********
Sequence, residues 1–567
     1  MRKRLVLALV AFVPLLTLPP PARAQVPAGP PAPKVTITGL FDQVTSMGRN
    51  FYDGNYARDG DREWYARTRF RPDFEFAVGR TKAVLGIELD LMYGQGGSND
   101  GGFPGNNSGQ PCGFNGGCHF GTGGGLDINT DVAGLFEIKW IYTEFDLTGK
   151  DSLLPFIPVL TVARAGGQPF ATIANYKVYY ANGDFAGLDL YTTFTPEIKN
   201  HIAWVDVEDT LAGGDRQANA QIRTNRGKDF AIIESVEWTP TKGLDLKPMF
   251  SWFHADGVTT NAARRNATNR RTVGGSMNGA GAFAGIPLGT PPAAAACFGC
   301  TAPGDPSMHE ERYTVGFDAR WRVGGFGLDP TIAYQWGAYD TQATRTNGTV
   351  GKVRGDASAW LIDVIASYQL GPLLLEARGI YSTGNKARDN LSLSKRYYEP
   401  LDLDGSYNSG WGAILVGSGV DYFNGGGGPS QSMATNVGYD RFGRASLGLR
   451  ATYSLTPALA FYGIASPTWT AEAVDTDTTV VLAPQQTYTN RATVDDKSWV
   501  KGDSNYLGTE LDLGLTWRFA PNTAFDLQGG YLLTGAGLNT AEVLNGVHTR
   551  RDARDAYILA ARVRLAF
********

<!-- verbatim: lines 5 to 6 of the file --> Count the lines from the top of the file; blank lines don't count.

   151  DSLLPFIPVL TVARAGGQPF ATIANYKVYY ANGDFAGLDL YTTFTPEIKN
   201  HIAWVDVEDT LAGGDRQANA QIRTNRGKDF AIIESVEWTP TKGLDLKPMF